THE works of Boisdale-based artist Cassie Leatham will be the subject of a new exhibition at the Koorie Heritage Trust, at Federation Square in Melbourne.
Baga-k Gaabi Brunga Biik, or Symbols in Sand, will be Ms Leatham’s first solo exhibition at the prestigious gallery, though her work has been shown there before.
Several large installations, including a display of her famous midden pots with sand drawings, an emu feather skirt, a kangaroo cloak, and a huge Bunjil the Eagle sculpture, will be among the highlights, as well a look at her creative process.
Speaking at her home, Ms Leatham gave the Gippsland Times a tour of her large backyard, showing just how personal her work is.
There are plans for expansion, with a block next door to be made into an open air museum and cultural heritage hotspot.
She plans to invite school groups to learn traditional indigenous ways, and engage people in the post-colonial history — there is evidence of wartime trenches that were dug for the primary school, as well as huge trees that acted as lookout towers for Gunaikurnai people.
There are dozens of bush tucker plants, all of which are used daily — the Gippsland Times was lucky enough to sample home-milled wattle seed scones with strawberry and quandong jam and lemon myrtle cream.
Hidden places in her garden combine Westernstyle art studios with traditional methods of preparing natural items, like bones or feathers.
It’s all part of Ms Leatham’s ongoing effort to tell her story.
“This is me, it’s my culture, it’s my journey, and it’s my way,” she said.
“I’m not pretending to be anyone else, this is who I am — it’s a bit of a battle (sometimes).”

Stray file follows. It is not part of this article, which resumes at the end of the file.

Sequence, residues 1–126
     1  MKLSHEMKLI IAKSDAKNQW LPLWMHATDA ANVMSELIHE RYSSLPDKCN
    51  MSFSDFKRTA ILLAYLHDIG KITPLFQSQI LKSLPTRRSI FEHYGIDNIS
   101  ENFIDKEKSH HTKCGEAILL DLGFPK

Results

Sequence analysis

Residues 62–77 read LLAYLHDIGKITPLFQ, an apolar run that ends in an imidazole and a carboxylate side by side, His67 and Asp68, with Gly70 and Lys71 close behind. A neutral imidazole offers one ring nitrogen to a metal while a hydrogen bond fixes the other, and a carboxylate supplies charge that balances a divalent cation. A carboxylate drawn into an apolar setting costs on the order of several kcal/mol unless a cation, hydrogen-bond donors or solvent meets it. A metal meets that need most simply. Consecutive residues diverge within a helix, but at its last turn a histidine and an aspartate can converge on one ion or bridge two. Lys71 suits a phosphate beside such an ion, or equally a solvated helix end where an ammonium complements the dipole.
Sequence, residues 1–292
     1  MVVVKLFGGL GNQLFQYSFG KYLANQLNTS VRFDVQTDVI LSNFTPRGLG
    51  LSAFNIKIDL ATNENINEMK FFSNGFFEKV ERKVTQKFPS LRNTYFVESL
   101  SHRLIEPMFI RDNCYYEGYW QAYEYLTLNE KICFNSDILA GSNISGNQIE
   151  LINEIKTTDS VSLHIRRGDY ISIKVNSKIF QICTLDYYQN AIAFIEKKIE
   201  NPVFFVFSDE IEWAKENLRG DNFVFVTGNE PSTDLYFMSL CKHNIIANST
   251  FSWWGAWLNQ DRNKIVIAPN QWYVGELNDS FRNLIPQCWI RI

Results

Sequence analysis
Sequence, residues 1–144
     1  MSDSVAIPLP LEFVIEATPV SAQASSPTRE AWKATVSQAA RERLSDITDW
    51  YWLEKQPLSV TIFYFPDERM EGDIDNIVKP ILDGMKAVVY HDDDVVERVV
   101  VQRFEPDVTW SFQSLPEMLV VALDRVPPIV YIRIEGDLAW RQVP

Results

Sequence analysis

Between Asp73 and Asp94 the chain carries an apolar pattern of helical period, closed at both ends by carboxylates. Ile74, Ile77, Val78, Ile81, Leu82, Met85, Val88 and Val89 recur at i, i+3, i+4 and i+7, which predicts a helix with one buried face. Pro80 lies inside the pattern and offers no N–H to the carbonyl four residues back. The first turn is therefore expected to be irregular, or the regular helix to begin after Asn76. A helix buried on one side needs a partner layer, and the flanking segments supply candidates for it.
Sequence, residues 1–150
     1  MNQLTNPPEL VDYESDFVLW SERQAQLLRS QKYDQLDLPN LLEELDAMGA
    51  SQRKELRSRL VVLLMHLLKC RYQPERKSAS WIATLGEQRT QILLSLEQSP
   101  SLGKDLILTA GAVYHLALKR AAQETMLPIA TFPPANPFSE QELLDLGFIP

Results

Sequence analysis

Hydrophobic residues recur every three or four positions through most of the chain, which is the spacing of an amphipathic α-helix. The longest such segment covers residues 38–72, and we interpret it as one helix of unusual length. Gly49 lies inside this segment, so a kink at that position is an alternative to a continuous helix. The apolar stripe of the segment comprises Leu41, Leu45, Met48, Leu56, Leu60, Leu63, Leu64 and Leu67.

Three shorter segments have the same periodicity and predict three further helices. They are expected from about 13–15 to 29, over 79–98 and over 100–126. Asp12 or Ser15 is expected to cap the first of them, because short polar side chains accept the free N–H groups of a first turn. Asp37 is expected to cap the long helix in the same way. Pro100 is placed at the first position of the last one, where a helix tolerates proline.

The gallery show is also a way to bring indigenous and non-indigenous people together to share stories, something Ms Leatham is passionate about.
“To break down barriers and bring everyone together, I want to see us together and working as one,” she said.
“By showing my works, it’s taking a step back, I’ve always wanted to know about the ways of my people and my ancestors, and being in their footprints, and taking myself back.
“Some of the artworks I’ve got to go into the show are based on Angus McMillan murdering and massacring the indigenous people.
“It’s a story I’ve always been telling, so I thought why not highlight it, but also have all the traditional works as well.”
Koorie Heritage Trust curatorial manager Charlotte Christie said there were plenty of Gippsland-based artists at the gallery, but this was the first time people could really engage with Ms Leatham’s work in the setting.
“We’ve had a long term relationship with Cassie,” she said.
“ She’s done workshops and talks, so we’re really excited to have a full exhibition of her work.
“We’re trying to bring a bit of Cassie into the gallery to show her works off at their best.”
Exhibiting her work locally has been a challenge for Ms Leatham, but she hopes people in the area will take some time in Melbourne to have a look.
“You can’t (see my work locally), you have to come here, though I have little things at places like Segue in Stratford, but not my real body of work,” she explained.
“This is where the Koorie Heritage Trust looked in and said, we’ve got to do something, we’ve got to show this stuff off.”
Next up, once the exhibition opens, Ms Leatham hopes to bring more educational experiences to schools across the state, and will soon feature in an episode of Gardening Australia.
It all begins on March 10 at 2pm, with an opening event, and the exhibition will run until May 13.